Sara Summa’s ‘The Last To See Them’ (2019): Cinepocalypse Movie Review

Horror is, first and foremost, a genre defined by its agenda. Whether the impression of horror manifests as fear, dread, revulsion, or unease, the project has to do its job. More often than not, these duties are performed by the ever-evolving bouquet of blood and gore special effects. We see the viscera of a victim and remember that we, too, have viscera. We remember our own meat and imagine the same slash and burn tactics being acted upon it. This is why some horror fans draw the property lines of the genre with thick, goopy, corn syrup blood. If it doesn’t bleed, it’s not horror.

In watching Writer/Director Sara Summa’s bold debut feature film, The Last To See Them, I felt compelled to reach deeper into myself as the film played on, past my pumping heart, churning entrails, and complex cobwebs of veins to find something more precious, potent and devastating to see in the film’s victims: life itself.

This is not a film for fans of Terrifier (2017 – read our review here) or Hatchet (2006 – read our retro review here). The Last To See Them is precisely paced to ask a bold question about the nature of violence and about the necessity of that violence’s depiction. “We don’t need to see red,” the film seems to say, “to feel dread.” As a lover of Italian giallo, I leaped at the chance to review a new Italian language horror film. When I landed, however, I was greeted by something truly and beautifully unique.

The Last To See Them opens lazily, rolling down a winding road in the baking Italian sun, with a title card informing us that a family, the Duratis, was killed during a robbery. The children died in their beds. The parents died at the dinner table, tied to their chairs. Stark white letters against postcard perfect Italian roads. In the intricate game of cinematic chess that is this film, a title card such as this is Summa’s opening gambit. What follows is one of the most inventive, challenging genre explorations that I’ve seen in some time.

Grandmaster of cinematic chess, Sara Summa

We leave the road and enter a day in the life of the Durati family, meeting each of them as they prepare for a relative’s wedding. Dora, the daughter (newcomer Barbara Verrastro), races around the house. She navigates her teenage dating life: making bridesmaids’ dresses, teaching a short-notice baking lesson, and cooking dinner for her family.

Her father, Renzo (newcomer Canio Lancellotti), bears his own crosses: caring for his ailing wife, Alice (newcomer Donatella Viola), negotiating a new life insurance policy, and disciplining his son, Matteo (newcomer Pasquale Lioi).

Each family member receives the camera’s benediction as we learn of their private struggles, dreams, hopes, fears, and preoccupations. Summa’s chess pieces continue to move as the views puts each new discovery into the context of this family’s slowly approaching end. Matteo works on a carved wooden chest, a wedding present for the next day. Dora teaches a neighbor girl to make a ricotta pie and promises to teach her another recipe later. Alice wrestles with whether to tell her children about an impending operation now or at some better time. Renzo tells the insurance agent that he will need time to think about the new policy, and will get back to him soon with an answer.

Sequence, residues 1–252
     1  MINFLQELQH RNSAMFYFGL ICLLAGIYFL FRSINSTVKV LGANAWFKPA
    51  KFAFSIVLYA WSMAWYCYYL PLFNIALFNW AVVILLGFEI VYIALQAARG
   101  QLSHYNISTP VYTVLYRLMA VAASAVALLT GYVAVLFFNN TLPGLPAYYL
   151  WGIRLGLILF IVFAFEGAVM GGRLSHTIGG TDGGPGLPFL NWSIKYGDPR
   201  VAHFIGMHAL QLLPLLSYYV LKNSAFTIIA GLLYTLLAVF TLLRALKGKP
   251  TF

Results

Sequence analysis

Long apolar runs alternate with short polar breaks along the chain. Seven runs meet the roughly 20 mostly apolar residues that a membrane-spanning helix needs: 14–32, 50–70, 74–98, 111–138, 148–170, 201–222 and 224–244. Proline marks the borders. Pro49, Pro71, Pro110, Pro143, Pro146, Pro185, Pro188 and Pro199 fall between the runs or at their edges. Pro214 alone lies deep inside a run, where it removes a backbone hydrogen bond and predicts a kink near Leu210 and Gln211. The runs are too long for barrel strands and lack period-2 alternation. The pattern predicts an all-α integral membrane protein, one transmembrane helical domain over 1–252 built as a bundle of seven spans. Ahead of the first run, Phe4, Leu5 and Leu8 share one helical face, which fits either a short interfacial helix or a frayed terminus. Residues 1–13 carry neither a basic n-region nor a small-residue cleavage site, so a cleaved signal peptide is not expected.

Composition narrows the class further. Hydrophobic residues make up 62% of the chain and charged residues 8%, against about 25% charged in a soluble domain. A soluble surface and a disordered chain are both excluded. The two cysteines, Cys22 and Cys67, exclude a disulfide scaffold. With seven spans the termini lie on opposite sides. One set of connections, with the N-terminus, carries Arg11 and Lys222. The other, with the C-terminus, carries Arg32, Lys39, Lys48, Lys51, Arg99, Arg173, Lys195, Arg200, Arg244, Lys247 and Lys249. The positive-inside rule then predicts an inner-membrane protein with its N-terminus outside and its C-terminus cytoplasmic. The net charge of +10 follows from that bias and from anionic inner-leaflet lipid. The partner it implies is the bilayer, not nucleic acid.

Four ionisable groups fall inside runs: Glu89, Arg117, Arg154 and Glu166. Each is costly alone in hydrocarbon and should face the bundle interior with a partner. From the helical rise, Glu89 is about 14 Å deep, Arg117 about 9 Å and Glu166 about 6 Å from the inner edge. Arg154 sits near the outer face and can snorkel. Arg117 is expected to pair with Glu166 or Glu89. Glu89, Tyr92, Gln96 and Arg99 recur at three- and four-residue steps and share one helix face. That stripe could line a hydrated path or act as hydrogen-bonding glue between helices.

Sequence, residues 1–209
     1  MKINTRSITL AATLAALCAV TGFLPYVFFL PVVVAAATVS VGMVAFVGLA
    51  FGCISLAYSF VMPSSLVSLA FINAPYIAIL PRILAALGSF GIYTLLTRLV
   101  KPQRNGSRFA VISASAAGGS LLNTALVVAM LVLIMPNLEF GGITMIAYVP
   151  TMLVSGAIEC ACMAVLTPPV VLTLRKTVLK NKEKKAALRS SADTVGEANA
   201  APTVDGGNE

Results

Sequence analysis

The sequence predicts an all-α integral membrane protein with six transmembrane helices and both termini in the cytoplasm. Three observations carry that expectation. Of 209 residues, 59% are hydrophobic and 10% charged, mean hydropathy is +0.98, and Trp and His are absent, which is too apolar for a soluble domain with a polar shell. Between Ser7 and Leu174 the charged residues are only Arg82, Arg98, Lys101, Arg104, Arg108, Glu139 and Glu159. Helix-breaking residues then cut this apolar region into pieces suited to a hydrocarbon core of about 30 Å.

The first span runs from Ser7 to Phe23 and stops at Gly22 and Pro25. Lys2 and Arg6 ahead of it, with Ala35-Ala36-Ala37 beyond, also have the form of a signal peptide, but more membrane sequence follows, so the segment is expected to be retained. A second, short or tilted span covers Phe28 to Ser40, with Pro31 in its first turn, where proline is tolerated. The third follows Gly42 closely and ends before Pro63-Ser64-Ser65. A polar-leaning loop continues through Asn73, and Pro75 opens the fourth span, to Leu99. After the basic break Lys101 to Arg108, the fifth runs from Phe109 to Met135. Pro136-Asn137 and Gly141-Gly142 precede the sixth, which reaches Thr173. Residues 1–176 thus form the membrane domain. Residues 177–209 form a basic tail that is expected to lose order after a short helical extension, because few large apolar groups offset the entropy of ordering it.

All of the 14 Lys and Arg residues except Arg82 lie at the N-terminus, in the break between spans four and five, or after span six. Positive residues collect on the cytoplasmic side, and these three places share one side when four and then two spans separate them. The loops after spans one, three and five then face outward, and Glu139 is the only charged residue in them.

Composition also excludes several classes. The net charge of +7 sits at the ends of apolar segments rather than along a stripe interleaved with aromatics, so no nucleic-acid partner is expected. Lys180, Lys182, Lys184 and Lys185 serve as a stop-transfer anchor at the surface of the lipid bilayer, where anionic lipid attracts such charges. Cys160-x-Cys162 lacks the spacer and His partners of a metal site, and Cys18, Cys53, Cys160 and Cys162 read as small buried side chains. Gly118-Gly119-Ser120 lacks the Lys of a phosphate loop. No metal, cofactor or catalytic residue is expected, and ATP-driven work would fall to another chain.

The next day. Later. Some better time. Soon. These phrases we say each day crash to the floor with the weight of gunshots as we remember that this day is all the Duratis have left. Summa reminds us of this somber fact by occasionally returning to the drifting road where we first learned of their fates. The quotidian set pieces of Italian neorealist cinema pass by with the grandeur of Bible verses as we sit by, helplessly along for the ride, rocketing towards the end of the Durati’s world.

Rather than saw a woman in half or slash at the strings of a violin to bring us to heel, Sara Summa intelligently allows the stark realism of her actors, all of whom have never acted before, to horrify us with the dramatic irony of their fate. No ghost or gunshot outpaces the grim realization that the title, The Last To See Them, refers us to. We are the last ones to see them.

In its simplicity, this film begs for interpretations great and small. The now pointless machinations of the Durati family could be stand-ins for the quibbling of politicians on our dying planet, the sound and fury of all human existence, signifying nothing in the face of its end, the rhetorical flourish about the importance of grounded, sympathetic characters in horror cinema, or even our own “single sand grain on a beach” lives. The Last To See Them exists in the tradition of Gus Van Sant’s Elephant (2003), Michael Haneke’s Funny Games (1997 – read our retro review here), and even Vittorio De Sica’s The Bicycle Thieves (1948). It does not ask why. It only knows what it knows and leaves the guessing up to God.

The mounting, cumulative tension of every knock on the door, every visitor and musical cue brings the audience to the creaking point of collapse and never truly lets up.

It is absolutely baffling to me that The Last to See Them is Sara Summa’s first feature length project, as the film feels conducted by a master at work. Each shot and line of dialogue work in perfect unison, a finely tuned engine in a car leisurely making its way towards the Durati farmhouse, to hastily, and, as is the case with all real violence, anti-climactically punctuate their last brief scene on this planet.

About Billie Wood

Billie is a horror obsessed writer with a love of Giallo, Vincent Price, and any horror movie set in the West. She can't wait to tell you about how Videodrome is a sci-fi horror love letter to trans girls like her.

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